October 25, 2012 in City, Features

Spokane-produced ‘Transolar Galactica’ grows Web audience, seeks funds

By The Spokesman-Review
 
'Transolar Galactica' courtesy photo

Chief Security Officer Reggie Murdock, played by Clancy Bundy, lost his eye as the result of a confusing metaphor, as revealed in Episode 1 of “Transolar Galactica.” Bundy is a co-creator of the Web-based science fiction parody, which is trying to raise money through Kickstarter.com to pay for production of its next season. The campaign ends Saturday night.
(Full-size photo)

How to help

To donate money to create Season 2 of “Transolar Galactica,” go to Kickstarter.com and search for the show’s name.

To watch episodes from Season 1, go to TransolarGalactica.com.

The first season of “Transolar Galactica” was made for $180 or so – basically what its creators, a crew of five recent film-school graduates in Spokane, found in the couch cushions. And that went mostly for Nerf guns and spray paint.

Yet the Web comedy series – which pokes fun at science fiction shows such as “Star Trek” and “Firefly” – is getting attention online, garnering national recognition and an enthusiastic fan base.

Just imagine what the crew could do with an actual budget. They’ve already imagined it – Sets! Props! Actors! – and they’ve launched a Kickstarter campaign, ending Saturday night, to raise $30,000 to pay for Season 2. Fundraising through the online platform is all or nothing. Backers’ credit cards are charged only if the show reaches its goal by the deadline.

The show is a parody, its creators say, but it comes from a place of love – and a nuanced understanding of the genre. It follows the exploits of Capt. Remmington Trigger and his crew as they travel through space.

“‘Star Trek’ nerds – I guess I consider myself a ‘Star Trek’ nerd – they like picking things apart, and that’s kind of what the show does,” said Adam Harum, 24. “It takes those funny little tropes or clichés and tears them apart.” Harum plays Samson in the series, a communications officer who wears over one eye what appears to be half a set of sunglasses; it gives him little messages sometimes, he says in Episode 1, “and I read ’em.”

Selected for screening during the ReelSpokane film festival, “Transolar Galactica” also earned honors at this year’s L.A. Web Series and New Media Film festivals. The creators have been spreading the word off- and online, traveling to science-fiction, comic-book and gaming conventions and using Facebook and Twitter to connect with fans.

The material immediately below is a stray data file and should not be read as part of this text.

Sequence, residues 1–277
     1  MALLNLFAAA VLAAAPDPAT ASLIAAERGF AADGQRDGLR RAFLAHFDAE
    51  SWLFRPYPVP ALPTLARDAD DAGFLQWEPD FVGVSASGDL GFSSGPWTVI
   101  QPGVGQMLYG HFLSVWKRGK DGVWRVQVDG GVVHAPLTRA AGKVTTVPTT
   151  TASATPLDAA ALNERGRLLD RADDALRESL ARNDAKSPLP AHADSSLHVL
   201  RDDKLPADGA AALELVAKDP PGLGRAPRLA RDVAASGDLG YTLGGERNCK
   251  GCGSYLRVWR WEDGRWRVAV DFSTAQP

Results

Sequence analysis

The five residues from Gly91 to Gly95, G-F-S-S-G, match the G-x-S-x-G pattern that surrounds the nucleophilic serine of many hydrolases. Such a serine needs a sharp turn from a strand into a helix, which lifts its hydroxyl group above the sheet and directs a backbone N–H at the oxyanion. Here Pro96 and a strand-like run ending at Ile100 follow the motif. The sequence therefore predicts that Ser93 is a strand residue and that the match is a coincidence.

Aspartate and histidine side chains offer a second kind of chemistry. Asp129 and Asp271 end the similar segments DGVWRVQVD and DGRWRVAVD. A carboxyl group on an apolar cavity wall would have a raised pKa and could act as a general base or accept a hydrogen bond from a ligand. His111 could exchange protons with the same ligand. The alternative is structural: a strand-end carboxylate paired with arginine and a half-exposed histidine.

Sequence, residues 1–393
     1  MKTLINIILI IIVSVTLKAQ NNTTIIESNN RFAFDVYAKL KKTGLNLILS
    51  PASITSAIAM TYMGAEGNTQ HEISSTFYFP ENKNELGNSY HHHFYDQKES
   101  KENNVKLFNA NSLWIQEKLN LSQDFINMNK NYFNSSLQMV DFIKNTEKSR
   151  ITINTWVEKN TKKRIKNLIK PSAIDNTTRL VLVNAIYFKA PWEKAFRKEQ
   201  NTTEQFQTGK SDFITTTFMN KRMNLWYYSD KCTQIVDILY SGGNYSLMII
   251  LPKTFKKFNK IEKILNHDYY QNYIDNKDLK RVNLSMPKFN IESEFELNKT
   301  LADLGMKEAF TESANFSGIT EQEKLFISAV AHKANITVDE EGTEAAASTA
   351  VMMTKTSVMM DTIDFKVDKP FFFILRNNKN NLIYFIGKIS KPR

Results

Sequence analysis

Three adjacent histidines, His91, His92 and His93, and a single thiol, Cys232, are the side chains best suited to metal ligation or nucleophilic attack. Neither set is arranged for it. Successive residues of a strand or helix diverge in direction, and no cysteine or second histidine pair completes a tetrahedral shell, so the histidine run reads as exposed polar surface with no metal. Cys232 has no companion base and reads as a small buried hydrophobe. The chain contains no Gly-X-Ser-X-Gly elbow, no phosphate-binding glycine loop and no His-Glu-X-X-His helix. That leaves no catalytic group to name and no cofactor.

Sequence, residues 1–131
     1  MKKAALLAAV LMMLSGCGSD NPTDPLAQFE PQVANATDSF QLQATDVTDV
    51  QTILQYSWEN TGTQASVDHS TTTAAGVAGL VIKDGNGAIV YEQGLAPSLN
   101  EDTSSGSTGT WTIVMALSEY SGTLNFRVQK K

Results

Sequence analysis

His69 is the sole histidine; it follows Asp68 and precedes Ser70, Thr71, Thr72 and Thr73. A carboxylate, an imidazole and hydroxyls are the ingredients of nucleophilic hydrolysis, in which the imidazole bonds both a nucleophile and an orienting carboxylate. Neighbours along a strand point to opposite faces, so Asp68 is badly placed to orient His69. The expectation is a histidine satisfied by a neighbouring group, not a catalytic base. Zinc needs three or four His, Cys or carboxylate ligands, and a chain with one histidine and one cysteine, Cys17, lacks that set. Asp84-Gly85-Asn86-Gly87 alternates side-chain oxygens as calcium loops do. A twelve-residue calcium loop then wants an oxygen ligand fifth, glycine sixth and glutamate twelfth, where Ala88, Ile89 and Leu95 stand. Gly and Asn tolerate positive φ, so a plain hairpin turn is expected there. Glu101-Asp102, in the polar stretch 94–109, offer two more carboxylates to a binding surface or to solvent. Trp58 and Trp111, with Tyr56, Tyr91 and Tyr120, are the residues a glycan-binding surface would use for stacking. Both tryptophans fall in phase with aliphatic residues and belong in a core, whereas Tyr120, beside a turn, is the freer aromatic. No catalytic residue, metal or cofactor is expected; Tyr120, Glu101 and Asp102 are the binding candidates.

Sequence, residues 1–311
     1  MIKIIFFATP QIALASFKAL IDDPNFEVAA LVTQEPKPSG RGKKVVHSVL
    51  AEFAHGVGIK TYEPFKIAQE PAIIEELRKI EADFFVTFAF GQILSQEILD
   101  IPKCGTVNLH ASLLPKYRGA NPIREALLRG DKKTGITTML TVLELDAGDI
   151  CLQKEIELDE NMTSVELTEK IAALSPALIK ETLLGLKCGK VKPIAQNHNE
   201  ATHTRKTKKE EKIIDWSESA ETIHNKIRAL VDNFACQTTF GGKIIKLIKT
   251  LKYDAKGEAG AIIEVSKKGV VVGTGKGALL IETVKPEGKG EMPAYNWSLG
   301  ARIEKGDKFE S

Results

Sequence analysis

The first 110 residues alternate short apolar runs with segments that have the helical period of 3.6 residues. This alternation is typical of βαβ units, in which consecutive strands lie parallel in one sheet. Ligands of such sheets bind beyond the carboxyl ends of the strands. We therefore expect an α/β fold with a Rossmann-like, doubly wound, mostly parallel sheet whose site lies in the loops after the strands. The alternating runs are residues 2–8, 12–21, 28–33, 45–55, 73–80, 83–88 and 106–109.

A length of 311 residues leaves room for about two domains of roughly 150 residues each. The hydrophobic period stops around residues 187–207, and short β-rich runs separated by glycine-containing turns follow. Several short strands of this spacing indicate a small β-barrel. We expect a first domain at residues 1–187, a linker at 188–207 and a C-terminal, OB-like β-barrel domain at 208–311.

Those fans include fans of straight science fiction. As a comedy series, though, “Transolar” has a broader appeal.

The crew’s writing process resembles “Mystery Science Theater 3000,” said Clancy Bundy, 25, who plays the one-eyed Reggie Murdock (aliases include “1” and “Number One” and “One,” according to the show’s website).

“MST3K,” as it’s known to nerds, is the 1988-’99 TV series in which a man and his robots, forced to watch bad movies, offer their running commentary.

In space movies, the “Transolar” creators have commented to one another, people always seem to be shooting out windows or opening airlocks to send bad guys into space. Neither of those tactics, really, would go well.

So in one episode of “Transolar Galactica,” the crew shoots a window out, and everybody gets sucked into space. In another, they beam aboard a couple of crew members falling at terminal velocity. On “Star Trek,” it works. On “Transolar Galactica,” as physics would suggest, it’s messy.

The series is written and produced by five friends – all former students of the film program at Eastern Washington University – most of whom have day jobs in the film industry.

The series is their “passion project,” said Adam Boyd, 27, who plays Petty Officer McCall and runs the show’s meager finances.

To make Season 1, they used donated studio space and borrowed equipment. The actors who did join them worked for free or for lunch.

But they lost the studio space, and they no longer have access to the equipment. Also, they think it’s probably time to stop asking for so many favors to make their show, Boyd said.

If their Kickstarter campaign succeeds, they’ll be able to shoot on location, as opposed to just in front of green screens. They’ll be able to pay real actors, instead of just casting themselves and the occasional friend. They’ll continue to work without paying themselves.

“We’re really proud of what we were able to do with no money at all,” Bundy said. “If the Kickstarter fares well … we’ll be able to put something together that’ll blow the Internet apart.”

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